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PostPosted: Tue Dec 04, 2018 2:22 am 
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MichaelRS wrote:
And what would be the example of a high D whistle that is "loud" and yet has a good tonal quality, is not easily *overblown and easily or smoothly moves between octaves, for under $40?

Your Susato is probably as close as you'll get. But 'not easily overblown' and 'easily or smoothly moves between octaves' are basically opposite characteristics when nimble octave switches depend on easy overblowing, at least when slurred and upwards.

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PostPosted: Tue Dec 04, 2018 2:32 am 
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But if the Feadog Pro really is a good whistle off-the-shelf I might go for it, unless somebody convinces me that the basic Feadog tweaked by mr. O'Brien is even better.


Feadógs are variable, it's a feature of how they are made. The Feadóg pro I got was no good at all, it had a raspy second octave that was unpleasant. I ditched the head and put a different one on the tube. The last batch of Cillian O'Brain's I went through was surprisingly consistent. Previously I had gone through boxes of them to pick the nicest one (they were all fine but not in quite the same way) but the last time I tried there was surprising little variation. Better by several country miles, as I said.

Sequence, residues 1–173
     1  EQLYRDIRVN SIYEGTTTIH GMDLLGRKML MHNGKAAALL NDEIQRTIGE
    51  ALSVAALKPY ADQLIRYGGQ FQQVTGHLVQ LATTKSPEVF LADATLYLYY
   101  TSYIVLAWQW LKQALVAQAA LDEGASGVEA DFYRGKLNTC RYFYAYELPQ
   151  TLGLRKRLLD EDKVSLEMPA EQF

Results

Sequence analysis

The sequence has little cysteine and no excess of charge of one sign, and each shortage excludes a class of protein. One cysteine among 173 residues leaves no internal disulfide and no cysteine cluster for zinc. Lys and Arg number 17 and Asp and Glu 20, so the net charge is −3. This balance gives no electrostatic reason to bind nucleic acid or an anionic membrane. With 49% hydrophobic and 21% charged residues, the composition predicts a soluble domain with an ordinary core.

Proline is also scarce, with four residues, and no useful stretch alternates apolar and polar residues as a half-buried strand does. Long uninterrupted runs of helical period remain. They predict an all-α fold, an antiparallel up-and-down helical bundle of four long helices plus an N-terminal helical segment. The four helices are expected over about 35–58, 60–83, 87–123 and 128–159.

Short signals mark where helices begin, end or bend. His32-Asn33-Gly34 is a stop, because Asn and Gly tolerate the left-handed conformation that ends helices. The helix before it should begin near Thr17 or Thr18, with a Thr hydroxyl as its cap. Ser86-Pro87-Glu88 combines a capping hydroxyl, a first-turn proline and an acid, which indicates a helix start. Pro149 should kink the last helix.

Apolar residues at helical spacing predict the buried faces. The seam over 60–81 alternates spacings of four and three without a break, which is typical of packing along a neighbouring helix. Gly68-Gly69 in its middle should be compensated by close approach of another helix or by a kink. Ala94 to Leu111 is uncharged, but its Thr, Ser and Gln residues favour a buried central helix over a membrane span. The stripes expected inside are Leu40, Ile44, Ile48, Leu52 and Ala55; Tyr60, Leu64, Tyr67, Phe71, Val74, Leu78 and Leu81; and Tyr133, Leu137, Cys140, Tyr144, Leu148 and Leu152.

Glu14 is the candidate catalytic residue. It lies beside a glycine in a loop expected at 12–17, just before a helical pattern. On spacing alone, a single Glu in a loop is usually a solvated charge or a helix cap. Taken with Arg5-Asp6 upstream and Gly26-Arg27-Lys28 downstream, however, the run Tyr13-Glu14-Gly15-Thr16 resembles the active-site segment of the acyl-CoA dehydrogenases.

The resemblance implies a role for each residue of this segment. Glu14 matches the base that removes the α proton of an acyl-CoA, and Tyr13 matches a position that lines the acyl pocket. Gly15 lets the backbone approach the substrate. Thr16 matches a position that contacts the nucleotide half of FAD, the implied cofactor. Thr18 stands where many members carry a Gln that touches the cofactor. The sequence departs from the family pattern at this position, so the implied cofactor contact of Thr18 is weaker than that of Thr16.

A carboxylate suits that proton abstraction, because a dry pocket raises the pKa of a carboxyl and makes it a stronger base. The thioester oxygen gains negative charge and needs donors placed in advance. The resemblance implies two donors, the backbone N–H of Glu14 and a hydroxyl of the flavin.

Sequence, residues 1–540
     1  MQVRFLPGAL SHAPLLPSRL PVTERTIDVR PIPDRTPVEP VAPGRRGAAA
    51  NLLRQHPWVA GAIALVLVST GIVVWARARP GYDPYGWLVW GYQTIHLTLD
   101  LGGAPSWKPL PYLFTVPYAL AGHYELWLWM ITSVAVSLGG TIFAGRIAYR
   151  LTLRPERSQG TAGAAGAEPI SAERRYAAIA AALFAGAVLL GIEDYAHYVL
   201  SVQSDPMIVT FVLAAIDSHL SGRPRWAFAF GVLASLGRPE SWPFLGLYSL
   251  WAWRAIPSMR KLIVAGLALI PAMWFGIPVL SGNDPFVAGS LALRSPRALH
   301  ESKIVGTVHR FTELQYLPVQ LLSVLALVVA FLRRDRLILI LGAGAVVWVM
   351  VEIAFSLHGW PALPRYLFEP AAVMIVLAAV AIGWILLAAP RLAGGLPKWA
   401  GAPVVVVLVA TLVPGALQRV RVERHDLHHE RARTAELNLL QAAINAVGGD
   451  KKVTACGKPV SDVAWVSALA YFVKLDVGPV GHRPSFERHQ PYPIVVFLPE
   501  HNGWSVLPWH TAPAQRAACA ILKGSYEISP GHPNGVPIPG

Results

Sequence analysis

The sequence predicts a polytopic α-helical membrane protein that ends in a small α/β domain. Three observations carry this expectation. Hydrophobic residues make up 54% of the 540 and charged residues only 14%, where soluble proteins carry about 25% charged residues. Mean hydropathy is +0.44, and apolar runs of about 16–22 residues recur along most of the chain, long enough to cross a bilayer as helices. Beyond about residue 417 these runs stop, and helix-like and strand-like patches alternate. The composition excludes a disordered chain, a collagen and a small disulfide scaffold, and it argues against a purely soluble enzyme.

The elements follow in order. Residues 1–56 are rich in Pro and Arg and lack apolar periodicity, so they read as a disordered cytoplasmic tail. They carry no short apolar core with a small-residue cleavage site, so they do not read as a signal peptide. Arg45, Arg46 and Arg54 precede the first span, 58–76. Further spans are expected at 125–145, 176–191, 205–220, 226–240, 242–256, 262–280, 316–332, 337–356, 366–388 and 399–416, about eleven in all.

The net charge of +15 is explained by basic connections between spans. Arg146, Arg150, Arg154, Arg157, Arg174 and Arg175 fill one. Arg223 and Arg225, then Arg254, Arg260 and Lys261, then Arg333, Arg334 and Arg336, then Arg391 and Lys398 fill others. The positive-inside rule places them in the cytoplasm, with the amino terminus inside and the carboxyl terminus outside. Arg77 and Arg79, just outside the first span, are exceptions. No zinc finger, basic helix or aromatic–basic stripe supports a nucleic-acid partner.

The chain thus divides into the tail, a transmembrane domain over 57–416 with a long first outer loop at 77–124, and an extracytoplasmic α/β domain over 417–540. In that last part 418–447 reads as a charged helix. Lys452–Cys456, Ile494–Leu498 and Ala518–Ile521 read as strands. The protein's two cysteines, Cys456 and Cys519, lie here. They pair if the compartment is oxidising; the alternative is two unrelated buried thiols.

Do note however these whistles are very different in character from Clarkes, Sweetones and Susatos.

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PostPosted: Tue Dec 04, 2018 6:11 am 
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MichaelRS wrote:
So, when talking about a high D whistle, what is everybody talking about when they talk about its loudness or if it is loud or not?


But if the Feadog Pro really is a good whistle off-the-shelf I might go for it, unless somebody convinces me that the basic Feadog tweaked by mr. O'Brien is even better. But then again I thought somebody above said that was easier over blow, so that wouldn't be as great an interest to me.

Anyway, the main question revolves around loudness and how that is defined. I look forward to your thoughts. Thank you in advance


I'm no expert. I have a Feadóg pro and a standard Feadóg. The Feadóg pro is louder sounding, but it might just be because it's harsh sounding. The standard Feadóg, after a bit of sanding and a bit of putty, became a nice whistle with a light and lively tone, but I prefer the Killarney whistles.

I think Mr. Gumby nailed it in that there is a balance going on between loose and lively and tight and consistent, and also between "loud" and "sweet." I hear good music being made on all kinds of whistles but lean towards whistles that don't sound like recorders or flutes.


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